If you're stressed out about keeping your yard clear, just be thankful you're not Roscoe Craighead.

Craighead is the head groundskeeper at Blue Hills Golf Club in Roanoke. His job; make over four miles of golf course look pristine.

He gave some quick tips on how to spruce up your lawn that may help you if you're not satisfied with how things are looking quite yet.

Roscoe Craighead has been at Blue Hills for 37 years; he knows his turf and recommends you do the same.  Figure out where drainage would be a problem, which spots don't get as much sun, etc.

Knowing your turf means knowing your soil.  Roscoe Craighead says often times the soil is at the root of the issue and he recommends getting a soil sample reading, "It'll tell you everything that's in there, it'll tell you if you're high or low. Whether it be copper, whether it be iron, whether it be salt, it'll tell you what you need to do," Craighead said.

Clean and repair: If you have a problem area, make sure you get to it sooner rather than later. 

Try to clean it up if you can, rake around it.  Also be wary of where some of the inconsistencies in your lawn may be, drainage issues can cause big time lawn issues, so you want to try and be as level as you can, and sometimes that means grabbing a shovel and leveling things out.

Spring Planting: After you've cleaned and repaired and still noticed brown or bald spots, make sure your soil is loose and aerated, and if need be, go get your soil tested at the cooperative extension to see if there's a problem with it.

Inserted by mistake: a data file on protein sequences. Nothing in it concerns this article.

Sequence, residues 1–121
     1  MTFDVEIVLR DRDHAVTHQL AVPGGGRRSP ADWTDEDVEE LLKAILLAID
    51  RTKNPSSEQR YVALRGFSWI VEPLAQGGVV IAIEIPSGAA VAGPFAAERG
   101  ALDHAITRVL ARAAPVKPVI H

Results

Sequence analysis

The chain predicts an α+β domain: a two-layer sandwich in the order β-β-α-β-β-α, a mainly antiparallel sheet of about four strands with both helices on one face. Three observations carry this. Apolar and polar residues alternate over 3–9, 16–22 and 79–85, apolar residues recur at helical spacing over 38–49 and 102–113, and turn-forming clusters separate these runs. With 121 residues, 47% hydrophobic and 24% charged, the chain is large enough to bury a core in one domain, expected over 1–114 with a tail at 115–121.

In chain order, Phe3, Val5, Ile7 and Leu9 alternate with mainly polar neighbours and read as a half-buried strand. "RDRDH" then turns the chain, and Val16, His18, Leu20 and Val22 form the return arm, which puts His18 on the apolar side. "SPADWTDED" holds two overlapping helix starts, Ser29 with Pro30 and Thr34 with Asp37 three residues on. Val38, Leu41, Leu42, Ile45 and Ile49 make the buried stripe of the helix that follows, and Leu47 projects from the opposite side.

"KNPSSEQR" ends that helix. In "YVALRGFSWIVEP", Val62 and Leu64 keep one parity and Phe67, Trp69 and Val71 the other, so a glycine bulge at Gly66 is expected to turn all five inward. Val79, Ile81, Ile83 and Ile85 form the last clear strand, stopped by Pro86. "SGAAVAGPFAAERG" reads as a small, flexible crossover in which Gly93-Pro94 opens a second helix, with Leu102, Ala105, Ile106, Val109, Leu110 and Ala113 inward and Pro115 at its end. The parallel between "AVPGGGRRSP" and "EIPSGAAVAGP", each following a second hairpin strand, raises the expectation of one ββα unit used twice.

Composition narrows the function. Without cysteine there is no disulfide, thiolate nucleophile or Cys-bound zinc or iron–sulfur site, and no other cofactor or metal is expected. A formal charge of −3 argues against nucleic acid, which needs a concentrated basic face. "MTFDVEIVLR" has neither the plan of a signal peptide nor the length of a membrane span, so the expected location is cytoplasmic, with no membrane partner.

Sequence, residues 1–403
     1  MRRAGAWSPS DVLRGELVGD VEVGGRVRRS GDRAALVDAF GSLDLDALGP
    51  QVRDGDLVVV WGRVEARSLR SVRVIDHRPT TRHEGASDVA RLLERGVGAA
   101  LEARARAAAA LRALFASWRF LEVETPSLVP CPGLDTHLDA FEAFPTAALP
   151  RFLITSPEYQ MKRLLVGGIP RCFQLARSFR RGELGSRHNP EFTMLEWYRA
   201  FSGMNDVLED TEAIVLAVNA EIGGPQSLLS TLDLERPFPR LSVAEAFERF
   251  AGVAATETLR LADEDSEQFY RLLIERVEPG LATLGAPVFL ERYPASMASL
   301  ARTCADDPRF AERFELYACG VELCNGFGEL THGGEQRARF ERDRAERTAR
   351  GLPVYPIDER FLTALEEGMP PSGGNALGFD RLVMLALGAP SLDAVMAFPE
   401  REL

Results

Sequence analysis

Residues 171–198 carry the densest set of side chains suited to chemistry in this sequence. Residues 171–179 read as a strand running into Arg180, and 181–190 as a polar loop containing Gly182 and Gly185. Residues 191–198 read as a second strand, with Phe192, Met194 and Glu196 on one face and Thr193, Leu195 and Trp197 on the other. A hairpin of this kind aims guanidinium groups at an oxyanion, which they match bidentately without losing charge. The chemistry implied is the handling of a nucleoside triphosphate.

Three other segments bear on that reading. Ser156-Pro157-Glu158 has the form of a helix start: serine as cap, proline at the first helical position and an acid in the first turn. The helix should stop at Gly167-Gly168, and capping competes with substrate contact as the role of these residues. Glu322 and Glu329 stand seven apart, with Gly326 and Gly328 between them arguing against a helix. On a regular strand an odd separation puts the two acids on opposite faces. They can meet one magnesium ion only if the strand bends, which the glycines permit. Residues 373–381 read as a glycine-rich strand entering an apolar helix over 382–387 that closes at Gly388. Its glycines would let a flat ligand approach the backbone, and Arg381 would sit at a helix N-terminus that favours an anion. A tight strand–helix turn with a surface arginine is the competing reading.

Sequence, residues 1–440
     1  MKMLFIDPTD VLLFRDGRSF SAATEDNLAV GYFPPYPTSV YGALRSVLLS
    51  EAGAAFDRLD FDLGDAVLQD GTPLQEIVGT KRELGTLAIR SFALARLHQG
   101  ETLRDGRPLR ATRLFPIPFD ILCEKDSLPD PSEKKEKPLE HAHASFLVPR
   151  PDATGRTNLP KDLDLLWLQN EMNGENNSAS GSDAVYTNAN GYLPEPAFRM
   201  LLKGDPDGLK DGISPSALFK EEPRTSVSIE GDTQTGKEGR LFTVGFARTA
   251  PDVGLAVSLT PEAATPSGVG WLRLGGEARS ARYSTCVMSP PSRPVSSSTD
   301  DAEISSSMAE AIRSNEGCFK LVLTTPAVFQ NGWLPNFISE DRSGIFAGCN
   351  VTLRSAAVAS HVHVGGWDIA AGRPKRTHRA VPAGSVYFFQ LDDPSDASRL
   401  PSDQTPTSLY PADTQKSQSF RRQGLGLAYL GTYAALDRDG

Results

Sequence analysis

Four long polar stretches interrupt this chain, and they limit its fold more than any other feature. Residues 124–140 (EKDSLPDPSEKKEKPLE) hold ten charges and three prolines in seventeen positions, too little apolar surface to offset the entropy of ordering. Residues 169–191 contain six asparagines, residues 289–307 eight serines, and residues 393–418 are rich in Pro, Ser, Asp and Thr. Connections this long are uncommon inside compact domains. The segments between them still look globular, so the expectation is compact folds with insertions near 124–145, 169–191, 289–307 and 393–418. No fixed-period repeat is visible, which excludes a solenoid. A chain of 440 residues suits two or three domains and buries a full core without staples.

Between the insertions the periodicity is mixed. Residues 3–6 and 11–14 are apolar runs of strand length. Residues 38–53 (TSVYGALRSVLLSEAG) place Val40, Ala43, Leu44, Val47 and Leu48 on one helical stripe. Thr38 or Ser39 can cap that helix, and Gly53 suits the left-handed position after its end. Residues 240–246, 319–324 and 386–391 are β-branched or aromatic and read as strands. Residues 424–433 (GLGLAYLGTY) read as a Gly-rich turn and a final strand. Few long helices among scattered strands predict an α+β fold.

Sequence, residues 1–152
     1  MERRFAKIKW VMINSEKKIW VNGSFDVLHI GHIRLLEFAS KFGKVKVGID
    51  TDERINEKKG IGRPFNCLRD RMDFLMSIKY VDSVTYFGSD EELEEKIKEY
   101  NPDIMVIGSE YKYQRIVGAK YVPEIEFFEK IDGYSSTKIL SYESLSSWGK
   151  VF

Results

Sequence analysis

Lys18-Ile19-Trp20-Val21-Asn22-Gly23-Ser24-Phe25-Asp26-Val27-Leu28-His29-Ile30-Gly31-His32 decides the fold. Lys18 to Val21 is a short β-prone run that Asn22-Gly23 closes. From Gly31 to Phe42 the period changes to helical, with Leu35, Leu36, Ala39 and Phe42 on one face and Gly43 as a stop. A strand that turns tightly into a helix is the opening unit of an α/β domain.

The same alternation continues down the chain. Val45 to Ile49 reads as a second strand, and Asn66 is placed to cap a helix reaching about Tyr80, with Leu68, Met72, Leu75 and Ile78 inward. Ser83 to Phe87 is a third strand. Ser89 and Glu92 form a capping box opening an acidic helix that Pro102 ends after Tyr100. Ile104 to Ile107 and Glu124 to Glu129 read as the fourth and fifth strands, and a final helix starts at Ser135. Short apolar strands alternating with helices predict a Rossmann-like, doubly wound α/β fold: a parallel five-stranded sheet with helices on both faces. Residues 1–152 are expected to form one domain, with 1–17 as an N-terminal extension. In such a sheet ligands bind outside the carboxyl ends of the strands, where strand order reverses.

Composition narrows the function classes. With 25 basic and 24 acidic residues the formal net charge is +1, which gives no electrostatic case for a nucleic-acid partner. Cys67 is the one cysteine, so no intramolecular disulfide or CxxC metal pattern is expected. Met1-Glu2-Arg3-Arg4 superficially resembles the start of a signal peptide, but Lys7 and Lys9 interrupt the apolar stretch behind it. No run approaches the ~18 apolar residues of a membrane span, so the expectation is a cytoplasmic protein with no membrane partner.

Fertilizing: Experts recommend a slow-release nitrogen fertilizer and don't overdo it.  Weather finally looks like it's getting consistent in terms of temperature, so this week or this weekend is really the golden time you still have to be able to get the fertilizer down.

Mowing: Experts say too often people cut too much off when they mow.  Quick rule of thumb, no matter what grass you're cutting, only trim the top third of the blades and leave the trimmings.  You want to avoid direct sunlight of the soil if you can help it, and leave the clippings out, it acts as a good natural fertilizer.

"This time of year, you do have a lot of clippings because the grass is growing so aggressively. If you can stand it, leave them there, it's a source of food back for the plant," Roscoe Craighead said.